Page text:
The candidate presents a 5-year career development plan that seeks to advance our understanding of how the interaction between different cell survival and death mechanisms mediate the response of c-KIT dependent cancers to targeted therapy. The proto-oncogene c-KIT is dysregulated via activating mutations in a number of human cancers that are generally refractory to conventional therapy. While the clinical responses to targeted c- KIT inhibitors, such as imatinib, have been hugely satisfying to clinicians, for the majority of patients whose tumors have ultimately suffered fatal relapses the efficacy remains only a starting point. Accordingly, investigating and characterizing c-KIT mediated cell death and survival mechanisms in the response to imatinib will expand both our scientific knowledge of basic cellular pathways as well as translate into new therapeutic opportunities.
The aim of this proposal is to investigate the effects of targeted c-KIT inhibition on autophagy and apoptosis, two fundamental cellular processes that regulate cell survival and death, and how the interaction between these two processes impacts c-KIT dependent cancer cell survival, death, and response to therapy.
The specific aims are: 1) To investigate the importance of apoptosis in the response of c-KIT dependent cancers to imatinib therapy, 2) To investigate the importance of autophagy in the response of c-KIT dependent cancers to imatinib therapy, and 3) To investigate the role of BIM and FOXO3a in connecting apoptosis and autophagy in the response of c-KIT dependent cancers to targeted therapy.
These aims address fundamental questions of cancer cell biology with the opportunity to immediately translate the results into new therapeutic approaches in the treatment of c-KIT dependent cancers as well as potentially other targeted cancer therapies. This research proposal is part of a structured plan of scientific, technical, clinical, and career development components. The research will performed under the guidance of Dr. David Williams at Children's Hospital Boston and within the Division of Pediatric Hematology/Oncology at Children's Hospital Boston/Dana Farber Cancer Institute, which has a distinguished record of training successful physician scientists. In addition, the candidate will continue to gain clinical acumen in pediatric oncology at Children's Hospital Boston that will also inspire and inform his laboratory research. This career development plan will build upon this candidate's prior research and clinical experiences and ensure that he continues to develop the essential expertise required to become a successful independent investigator with a focus on cancer biology and clinical pediatric oncologist.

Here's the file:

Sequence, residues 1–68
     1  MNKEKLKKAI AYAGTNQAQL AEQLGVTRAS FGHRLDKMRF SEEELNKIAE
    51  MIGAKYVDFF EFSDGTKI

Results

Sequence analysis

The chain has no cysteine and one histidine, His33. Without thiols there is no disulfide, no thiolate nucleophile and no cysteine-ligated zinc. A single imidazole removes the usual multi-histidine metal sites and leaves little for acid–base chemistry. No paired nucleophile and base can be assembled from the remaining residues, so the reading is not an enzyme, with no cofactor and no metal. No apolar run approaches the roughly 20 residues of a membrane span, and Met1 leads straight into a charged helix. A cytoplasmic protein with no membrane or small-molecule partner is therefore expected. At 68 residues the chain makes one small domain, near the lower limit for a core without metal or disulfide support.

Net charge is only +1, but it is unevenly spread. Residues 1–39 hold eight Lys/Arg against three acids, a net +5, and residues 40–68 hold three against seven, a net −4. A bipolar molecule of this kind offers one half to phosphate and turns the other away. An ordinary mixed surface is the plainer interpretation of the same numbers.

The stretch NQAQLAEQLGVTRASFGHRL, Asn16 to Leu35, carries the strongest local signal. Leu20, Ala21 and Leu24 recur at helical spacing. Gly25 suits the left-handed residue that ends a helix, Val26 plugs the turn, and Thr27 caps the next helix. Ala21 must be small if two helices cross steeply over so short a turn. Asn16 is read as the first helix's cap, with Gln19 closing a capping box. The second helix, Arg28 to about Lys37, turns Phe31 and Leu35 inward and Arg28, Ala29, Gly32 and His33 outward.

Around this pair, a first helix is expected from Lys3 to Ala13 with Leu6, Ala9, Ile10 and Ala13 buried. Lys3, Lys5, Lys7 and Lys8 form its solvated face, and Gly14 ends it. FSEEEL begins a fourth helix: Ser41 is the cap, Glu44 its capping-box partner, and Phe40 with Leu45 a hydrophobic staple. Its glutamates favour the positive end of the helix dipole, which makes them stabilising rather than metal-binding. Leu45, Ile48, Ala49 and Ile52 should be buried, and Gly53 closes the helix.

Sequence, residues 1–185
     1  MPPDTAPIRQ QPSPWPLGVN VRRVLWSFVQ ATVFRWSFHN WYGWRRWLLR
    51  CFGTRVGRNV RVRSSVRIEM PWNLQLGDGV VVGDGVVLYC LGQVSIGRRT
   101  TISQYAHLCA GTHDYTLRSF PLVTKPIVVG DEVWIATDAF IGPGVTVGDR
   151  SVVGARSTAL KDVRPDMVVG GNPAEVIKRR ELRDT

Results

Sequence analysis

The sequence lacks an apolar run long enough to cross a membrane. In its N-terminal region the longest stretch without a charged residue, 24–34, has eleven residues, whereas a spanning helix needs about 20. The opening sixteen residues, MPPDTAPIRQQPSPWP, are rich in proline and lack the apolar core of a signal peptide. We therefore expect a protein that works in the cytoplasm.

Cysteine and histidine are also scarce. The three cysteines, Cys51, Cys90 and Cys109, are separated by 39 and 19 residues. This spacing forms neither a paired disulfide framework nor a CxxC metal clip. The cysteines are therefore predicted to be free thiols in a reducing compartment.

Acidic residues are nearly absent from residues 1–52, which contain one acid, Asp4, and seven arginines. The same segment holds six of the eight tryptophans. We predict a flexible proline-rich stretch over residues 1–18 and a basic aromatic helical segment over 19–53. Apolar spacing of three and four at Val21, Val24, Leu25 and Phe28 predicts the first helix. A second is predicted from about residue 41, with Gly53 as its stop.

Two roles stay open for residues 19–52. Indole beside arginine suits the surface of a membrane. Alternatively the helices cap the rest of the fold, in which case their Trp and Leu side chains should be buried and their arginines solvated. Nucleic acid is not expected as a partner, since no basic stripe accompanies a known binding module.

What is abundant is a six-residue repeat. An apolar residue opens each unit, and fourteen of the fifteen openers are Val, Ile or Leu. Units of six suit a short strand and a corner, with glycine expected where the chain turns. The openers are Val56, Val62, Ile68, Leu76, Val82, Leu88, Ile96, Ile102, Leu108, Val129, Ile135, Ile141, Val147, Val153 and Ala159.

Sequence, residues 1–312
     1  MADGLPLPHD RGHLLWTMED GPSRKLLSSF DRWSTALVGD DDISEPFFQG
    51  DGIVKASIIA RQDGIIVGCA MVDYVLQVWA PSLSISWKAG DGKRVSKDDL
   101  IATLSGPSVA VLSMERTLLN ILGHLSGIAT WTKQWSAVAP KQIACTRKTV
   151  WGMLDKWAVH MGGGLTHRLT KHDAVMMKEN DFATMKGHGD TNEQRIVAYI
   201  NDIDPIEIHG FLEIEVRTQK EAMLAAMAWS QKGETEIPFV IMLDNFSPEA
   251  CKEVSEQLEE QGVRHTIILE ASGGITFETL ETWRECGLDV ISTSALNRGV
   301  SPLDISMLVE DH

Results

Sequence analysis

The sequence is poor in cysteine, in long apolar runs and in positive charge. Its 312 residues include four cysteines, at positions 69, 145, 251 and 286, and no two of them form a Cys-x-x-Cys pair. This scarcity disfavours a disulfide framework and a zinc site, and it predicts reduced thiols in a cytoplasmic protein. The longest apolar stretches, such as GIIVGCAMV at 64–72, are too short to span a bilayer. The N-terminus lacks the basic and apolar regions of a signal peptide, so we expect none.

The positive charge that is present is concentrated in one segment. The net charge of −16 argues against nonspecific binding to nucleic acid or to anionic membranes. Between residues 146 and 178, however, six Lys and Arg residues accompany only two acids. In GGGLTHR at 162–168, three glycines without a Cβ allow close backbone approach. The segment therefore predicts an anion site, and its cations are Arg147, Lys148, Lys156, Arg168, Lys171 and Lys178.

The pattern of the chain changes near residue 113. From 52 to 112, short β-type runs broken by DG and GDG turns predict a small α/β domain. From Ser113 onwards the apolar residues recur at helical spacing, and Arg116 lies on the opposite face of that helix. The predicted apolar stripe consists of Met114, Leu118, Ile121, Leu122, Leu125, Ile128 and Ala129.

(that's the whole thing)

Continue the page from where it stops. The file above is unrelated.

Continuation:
The major focus in the development of new cancer therapies is to molecularly modulate or target proteins and pathways, such as the proto-oncogene c-KIT, which are uniquely aberrant in cancer cells in order to enhance therapeutic effectiveness while minimizing the side-effects associated with traditional cytotoxic chemotherapy. Only by fully defining the molecular underpinnings of the success and failures of such targeted therapies can we understand cancer progression, develop alternative and synergistic therapies, and improve the care of cancer patients. The written critiques and criteria scores of individual reviewers are provided in essentially unedited form in the Critique section below. Please note that these critiques and criteria scores were prepared prior to the meeting and may not have been revised subsequent to any discussions at the review meeting. The Resume and Summary of Discussion section above summarizes the final opinions of the committee.
|Gossai, Nathan P; Naumann, Jordan A; Li, Nan-Sheng et al. (2016) Drug conjugated nanoparticles activated by cancer cell specific mRNA. Oncotarget 7:38243-38256|
|Gordon, P M; Dias, Stuart; Williams, D A (2014) Cytokines secreted by bone marrow stromal cells protect c-KIT mutant AML cells from c-KIT inhibitor-induced apoptosis. Leukemia 28:2257-60|